KPI: the acronym for Key Performance Indicators that represent the parameters used to evaluate the performance of an email campaign or (more in general) a business process.
IP: it stands for Internet Protocol, a fixed number that identifies a device connected to the internet.
Impression: the single display of any type of web page, as well as HTML emails.
Landing page: the page on your website where the clicks on a DEM are redirected — and where the user should finally convert.
Lead: a potential customer to be “activated” via a targeted marketing approach.
Open rate: the percentage of emails opened out of the total number of emails delivered. Although it is a very important indicator, it’s wise not overestimate its importance: in itself, the mere opening of an email doesn’t automatically trigger an action or conversion.
Opt-in: all actions that users perform in order to subscribe to a newsletter, providing their email address and thus giving the sender their consent to use it for a specific scope. Double opt-in requires users to give their consent twice — usually by a transactional email with a link to click — in order to complete the subscription process.
Phishing: a particular form of email spam, with the aim to steal receivers’ private information stored on their computer, such as credit card numbers, passwords, identification codes, etc.
ReCAPTCHA: a system designed to establish that a computer user is human.
Registration form: a web page that enables users to subscribe to a newsletter. It can be opt-in or double opt-in.
Rendering: the way email messages are displayed. Specifically, this term also includes senders’ techniques aiming at best matching users’ visual display to the original format.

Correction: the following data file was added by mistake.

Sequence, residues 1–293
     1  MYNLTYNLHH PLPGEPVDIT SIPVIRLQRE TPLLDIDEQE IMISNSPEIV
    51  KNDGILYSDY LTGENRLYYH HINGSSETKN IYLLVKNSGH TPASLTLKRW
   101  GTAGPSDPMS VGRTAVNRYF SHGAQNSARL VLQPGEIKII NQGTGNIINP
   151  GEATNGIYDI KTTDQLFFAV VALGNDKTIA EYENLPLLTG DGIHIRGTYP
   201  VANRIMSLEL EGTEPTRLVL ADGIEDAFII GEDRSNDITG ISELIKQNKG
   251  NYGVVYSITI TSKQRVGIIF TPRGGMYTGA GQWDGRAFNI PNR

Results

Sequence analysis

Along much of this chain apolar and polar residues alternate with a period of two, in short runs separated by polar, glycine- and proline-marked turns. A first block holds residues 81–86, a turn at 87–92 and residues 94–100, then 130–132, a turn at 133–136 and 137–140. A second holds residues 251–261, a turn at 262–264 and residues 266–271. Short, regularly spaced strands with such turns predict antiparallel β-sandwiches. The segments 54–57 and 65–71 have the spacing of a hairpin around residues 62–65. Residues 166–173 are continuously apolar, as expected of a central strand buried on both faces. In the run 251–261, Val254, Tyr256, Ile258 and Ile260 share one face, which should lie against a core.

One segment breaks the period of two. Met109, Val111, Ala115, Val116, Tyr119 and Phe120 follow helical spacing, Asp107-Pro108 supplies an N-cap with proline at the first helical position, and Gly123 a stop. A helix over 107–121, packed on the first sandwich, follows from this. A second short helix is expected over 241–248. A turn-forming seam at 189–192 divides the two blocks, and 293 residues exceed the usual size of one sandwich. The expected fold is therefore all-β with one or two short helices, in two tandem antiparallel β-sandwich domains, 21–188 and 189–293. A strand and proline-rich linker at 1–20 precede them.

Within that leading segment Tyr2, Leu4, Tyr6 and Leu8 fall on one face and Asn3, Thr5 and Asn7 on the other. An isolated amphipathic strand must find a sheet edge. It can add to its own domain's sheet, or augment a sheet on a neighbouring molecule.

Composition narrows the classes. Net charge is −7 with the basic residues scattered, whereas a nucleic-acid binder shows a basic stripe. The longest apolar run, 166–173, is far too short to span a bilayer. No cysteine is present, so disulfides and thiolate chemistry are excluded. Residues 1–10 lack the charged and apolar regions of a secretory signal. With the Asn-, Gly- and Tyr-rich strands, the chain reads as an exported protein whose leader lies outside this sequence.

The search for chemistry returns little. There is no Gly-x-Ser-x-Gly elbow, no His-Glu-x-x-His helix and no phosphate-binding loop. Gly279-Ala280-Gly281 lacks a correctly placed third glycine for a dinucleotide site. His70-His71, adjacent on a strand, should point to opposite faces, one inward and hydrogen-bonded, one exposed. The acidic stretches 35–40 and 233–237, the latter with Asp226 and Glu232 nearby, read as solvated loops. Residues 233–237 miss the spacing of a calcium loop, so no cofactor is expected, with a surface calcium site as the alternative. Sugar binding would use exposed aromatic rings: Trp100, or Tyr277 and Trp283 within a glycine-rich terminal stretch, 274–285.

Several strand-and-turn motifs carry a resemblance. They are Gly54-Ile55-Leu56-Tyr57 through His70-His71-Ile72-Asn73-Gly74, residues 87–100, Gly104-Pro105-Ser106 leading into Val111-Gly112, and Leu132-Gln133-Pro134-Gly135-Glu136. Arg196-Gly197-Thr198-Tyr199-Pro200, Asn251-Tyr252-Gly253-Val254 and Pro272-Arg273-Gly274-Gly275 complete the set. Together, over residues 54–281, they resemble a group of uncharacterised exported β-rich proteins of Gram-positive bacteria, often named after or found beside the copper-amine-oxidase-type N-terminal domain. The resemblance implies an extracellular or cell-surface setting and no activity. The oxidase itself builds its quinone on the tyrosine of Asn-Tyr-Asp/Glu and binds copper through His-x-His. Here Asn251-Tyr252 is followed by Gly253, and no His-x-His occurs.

ROI: it stands for Return On Investment, and is the relationship between turnover and investment. In short, the simplest way to measure the economic profitability of an operation.
SMTP: an acronym for Simple Mail Transfer Protocol. It’s the protocol that acts like a postman, conveying technically all email messages from the sender to the incoming servers.
Spam: is in its broadest sense, any type of non requested mass email. Spam messages are also known as junk email or unsolicited bulk email (UBE).
Subject line: the field where the subject of the email is written.
Temporarily delayed emails: the sent emails that are waiting to be delivered to recipients. After a certain number of attempts, if the emails are not delivered, they will be considered as bounced emails.
Transactional emails: service emails that are designed to confirm various types of functional actions or send data with a non-commercial scope or simply for information purposes. They are generally triggered by a particular event, such as a subscription.
Unsubscribe: the process of canceling one’s subscription from a newsletter — also known as opting-out. The subscribers email address is removed from the sender’s database.
White list: a database containing email addresses whose owners have consented to receive marketing messages.